Early Stage

During early Parkinson’s, most patients move normally without assistance and do not experience falls. Since motor symptoms manifest asymmetrically at first, one side of the body is more affected.

While balance remains relatively intact in early Parkinson’s, focused exercise programs can help delay the progression of instability. Early physical therapy emphasizing posture, core strength, and balance is recommended.

Mid Stage

In the mid-stages, Parkinson’s symptoms worsen bilaterally. Balance impairments and gait abnormalities first appear during this phase but are relatively mild.

Mid-stage patients may occasionally “shuffle” while walking or have trouble recovering after a small stumble. Turning and initiating walking can be challenging. Self-care and daily activities are still independent, but mobility requires more concentration.

Falls become more frequent in the mid-stages for several reasons:

  • Progressively worsening postural control
  • Emergence of freezing episodes
  • Reduced arm swing affects gait stability
  • Orthostatic hypotension (blood pressure drop) upon standing
  • Cognitive issues make avoiding hazards harder

Doctors may recommend walking aids or orthotics in the mid-stages to enhance stability. Ongoing physiotherapy is critical to delay mobility loss.

Late Stage

In late Parkinson’s, severe balance deficits result in frequent falls and injury. Patients are often unable to stand or walk without significant help from a caregiver.

Shuffling gait patterns give way to wheelchair reliance. Freezing episodes are prolonged, triggering falls. Dementia is frequently present as well.

In the late stages, maximizing safety becomes the focus. Ambulatory patients require extensive mobility assistance. Home modifications such as grab bars, railings, ramps, and avoiding clutter/hazards can help reduce falls. However, use of wheelchairs and supported lifts is often inevitable.

Treatment Options for Parkinson’s Balance Problems

While Parkinson’s itself remains incurable, various treatment strategies can improve stability and prevent dangerous falls. Let’s examine some of the medical, movement, and lifestyle-based approaches.


Parkinson’s medications work by increasing dopamine concentrations in the brain or mimicking dopamine’s activity. The main drug classes are:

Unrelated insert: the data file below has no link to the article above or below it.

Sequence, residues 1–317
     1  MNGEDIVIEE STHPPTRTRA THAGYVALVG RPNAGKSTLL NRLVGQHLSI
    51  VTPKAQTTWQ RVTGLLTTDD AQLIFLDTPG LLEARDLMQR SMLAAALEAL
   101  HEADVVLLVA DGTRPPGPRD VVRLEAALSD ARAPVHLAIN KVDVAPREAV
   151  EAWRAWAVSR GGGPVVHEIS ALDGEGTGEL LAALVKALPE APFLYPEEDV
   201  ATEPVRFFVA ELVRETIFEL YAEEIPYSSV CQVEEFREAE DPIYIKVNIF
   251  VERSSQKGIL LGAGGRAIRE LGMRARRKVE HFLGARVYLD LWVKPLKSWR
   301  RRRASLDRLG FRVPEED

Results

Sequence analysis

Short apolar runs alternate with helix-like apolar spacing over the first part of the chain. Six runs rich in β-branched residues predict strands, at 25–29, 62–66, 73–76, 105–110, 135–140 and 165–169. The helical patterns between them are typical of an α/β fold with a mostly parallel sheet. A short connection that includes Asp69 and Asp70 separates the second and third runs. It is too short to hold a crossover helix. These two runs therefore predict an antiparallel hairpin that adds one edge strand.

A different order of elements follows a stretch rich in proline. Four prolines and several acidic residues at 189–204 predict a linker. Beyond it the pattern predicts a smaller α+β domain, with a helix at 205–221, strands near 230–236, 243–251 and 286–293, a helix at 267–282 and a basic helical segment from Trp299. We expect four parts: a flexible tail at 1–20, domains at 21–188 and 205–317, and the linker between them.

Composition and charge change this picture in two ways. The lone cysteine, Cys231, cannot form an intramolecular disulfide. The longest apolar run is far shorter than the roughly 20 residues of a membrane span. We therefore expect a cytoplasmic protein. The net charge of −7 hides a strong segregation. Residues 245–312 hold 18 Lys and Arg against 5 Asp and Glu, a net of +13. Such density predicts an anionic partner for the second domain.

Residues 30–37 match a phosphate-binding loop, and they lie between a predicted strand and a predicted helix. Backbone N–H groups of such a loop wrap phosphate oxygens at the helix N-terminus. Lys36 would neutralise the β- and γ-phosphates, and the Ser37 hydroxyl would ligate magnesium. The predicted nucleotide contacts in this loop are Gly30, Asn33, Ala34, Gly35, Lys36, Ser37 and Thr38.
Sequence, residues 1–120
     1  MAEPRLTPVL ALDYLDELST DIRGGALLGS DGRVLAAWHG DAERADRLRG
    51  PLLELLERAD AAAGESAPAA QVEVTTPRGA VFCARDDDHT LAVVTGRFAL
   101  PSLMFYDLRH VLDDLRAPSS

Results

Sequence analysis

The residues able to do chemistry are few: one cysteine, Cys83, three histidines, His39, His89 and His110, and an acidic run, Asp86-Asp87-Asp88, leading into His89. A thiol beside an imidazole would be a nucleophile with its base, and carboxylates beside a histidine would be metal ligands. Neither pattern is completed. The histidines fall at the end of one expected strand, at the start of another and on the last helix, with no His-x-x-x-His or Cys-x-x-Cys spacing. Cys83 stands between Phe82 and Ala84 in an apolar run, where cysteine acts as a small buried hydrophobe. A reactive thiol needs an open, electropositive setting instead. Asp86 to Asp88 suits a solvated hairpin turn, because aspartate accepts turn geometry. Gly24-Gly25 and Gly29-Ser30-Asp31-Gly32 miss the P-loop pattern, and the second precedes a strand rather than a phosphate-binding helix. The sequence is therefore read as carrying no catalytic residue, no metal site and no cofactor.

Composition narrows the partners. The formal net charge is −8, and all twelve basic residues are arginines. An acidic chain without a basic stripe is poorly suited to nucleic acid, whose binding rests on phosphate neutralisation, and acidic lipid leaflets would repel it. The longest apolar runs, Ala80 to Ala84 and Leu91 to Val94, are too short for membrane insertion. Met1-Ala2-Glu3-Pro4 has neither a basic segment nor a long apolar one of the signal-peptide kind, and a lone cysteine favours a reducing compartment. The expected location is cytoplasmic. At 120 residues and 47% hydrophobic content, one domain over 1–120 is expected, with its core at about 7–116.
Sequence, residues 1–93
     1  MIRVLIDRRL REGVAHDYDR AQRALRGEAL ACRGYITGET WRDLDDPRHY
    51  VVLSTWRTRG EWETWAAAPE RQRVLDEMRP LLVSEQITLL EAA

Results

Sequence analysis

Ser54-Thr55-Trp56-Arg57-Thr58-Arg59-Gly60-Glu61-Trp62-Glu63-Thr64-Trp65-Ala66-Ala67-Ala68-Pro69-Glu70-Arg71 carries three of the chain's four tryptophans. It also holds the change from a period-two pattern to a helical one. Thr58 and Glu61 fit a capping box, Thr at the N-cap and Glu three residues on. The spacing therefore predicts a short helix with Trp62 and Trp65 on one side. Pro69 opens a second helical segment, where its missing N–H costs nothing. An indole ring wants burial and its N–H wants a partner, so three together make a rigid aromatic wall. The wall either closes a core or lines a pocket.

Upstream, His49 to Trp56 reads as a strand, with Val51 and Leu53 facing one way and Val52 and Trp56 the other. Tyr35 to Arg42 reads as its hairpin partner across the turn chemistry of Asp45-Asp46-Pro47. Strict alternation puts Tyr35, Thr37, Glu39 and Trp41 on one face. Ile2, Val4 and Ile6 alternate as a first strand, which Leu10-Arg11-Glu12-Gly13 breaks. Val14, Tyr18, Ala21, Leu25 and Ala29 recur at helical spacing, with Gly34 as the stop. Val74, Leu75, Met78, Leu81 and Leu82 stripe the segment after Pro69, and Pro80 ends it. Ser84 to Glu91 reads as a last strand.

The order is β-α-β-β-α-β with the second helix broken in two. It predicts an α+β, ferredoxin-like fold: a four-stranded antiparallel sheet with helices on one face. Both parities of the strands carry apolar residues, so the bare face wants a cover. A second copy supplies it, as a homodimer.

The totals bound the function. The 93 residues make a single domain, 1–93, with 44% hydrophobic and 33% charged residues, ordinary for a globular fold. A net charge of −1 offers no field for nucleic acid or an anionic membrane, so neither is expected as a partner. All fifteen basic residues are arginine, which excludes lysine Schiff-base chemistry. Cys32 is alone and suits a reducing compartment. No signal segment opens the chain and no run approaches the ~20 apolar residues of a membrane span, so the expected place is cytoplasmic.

• Levodopa – dopamine precursor converted into dopamine
  • Dopamine agonists – mimic dopamine’s effects
  • MAO-B inhibitors – inhibit dopamine breakdown
  • Anticholinergics – block acetylcholine activity to enhance dopamine’s effects

While these medications help manage motor symptoms overall, they can have varying effects on postural stability:

  • Improvement – Some find Sinemet (levodopa) enhances balance and gait.
  • No effect – Dopamine agonists may not improve postural control.
  • Worsening – Anticholinergics can worsen balance through cognitive effects.

Doctors may need to adjust medications to optimize mobility while minimizing side effects. Using the lowest effective doses can enhance stability.

Physical Therapy

Specialized Parkinson’s physical therapy is essential for maintaining mobility and balance. PT programs aim to:

  • Improve posture, strength, flexibility, and coordination
  • Retrain balance reactions and protective steps
  • Practice dual tasking – walking while doing cognitive tasks
  • Use verbal or visual cues to overcome freezing of gait
  • Reduce fall risk factors

Exercises focused on core stability, posture, leg strength, and balance retraining are most effective. PT is beneficial in all Parkinson’s stages but should start early to promote mobility.

Assistive Equipment

Devices like walkers, canes, and braces provide physical support and stability aids:

  • Canes – Improve posture and provide a wide base of support while walking.
  • Walkers – Allow grasping with both hands to stabilize the body during gait.
  • Orthotics – Braces can lift the toes to prevent tripping during shuffling.

Equipment is very helpful in mid-late stage Parkinson’s. Parkinson’s-specific items like weighted canes may boost mobility. However, aids must be properly fitted by therapists.

Home Modifications

Adapting the home environment can significantly reduce fall risk:

  • Removing tripping hazards – rugs, cords, clutter
  • Adding grab bars, railings, and ramps
  • Improving lighting throughout
  • Using shower chairs, raised toilet seats
  • Adding seating in high-use areas

Home safety assessments by occupational therapists guide appropriate changes. Installing a personal emergency response system enables calling for help after a fall.

Lifestyle Modifications

Certain lifestyle adjustments also promote stability in Parkinson’s:

  • Exercise consistently – cardio, strength training, balance work
  • Practice Tai Chi or yoga to improve posture, core strength, and balance
  • Have vision and hearing tested regularly
  • Ensure proper nutrition and hydration
  • Limit alcohol intake
  • Use nightlights and turn on lights before getting out of bed
  • Rise slowly from sitting or lying to avoid blood pressure drops

A combination of medical, physical, and lifestyle approaches works best to maximize mobility in Parkinson’s disease.


Parkinson’s disease frequently leads to progressive instability and balance problems that affect walking ability and increase fall risk. Impairments in posture, gait, and balance reactions emerge due to the effects of dopamine deficiency on motor control pathways.

While Parkinson’s balance issues worsen gradually over time, targeted treatment can improve stability and prevent dangerous falls. Medication adjustments, physical therapy, mobility aids, home modifications, and lifestyle changes can all help compensate for Parkinson’s-related deficits.

With proper management, people with Parkinson’s can safely maintain their mobility and independence for a long time. But addressing balance impairments early is key to optimizing both safety and quality of life.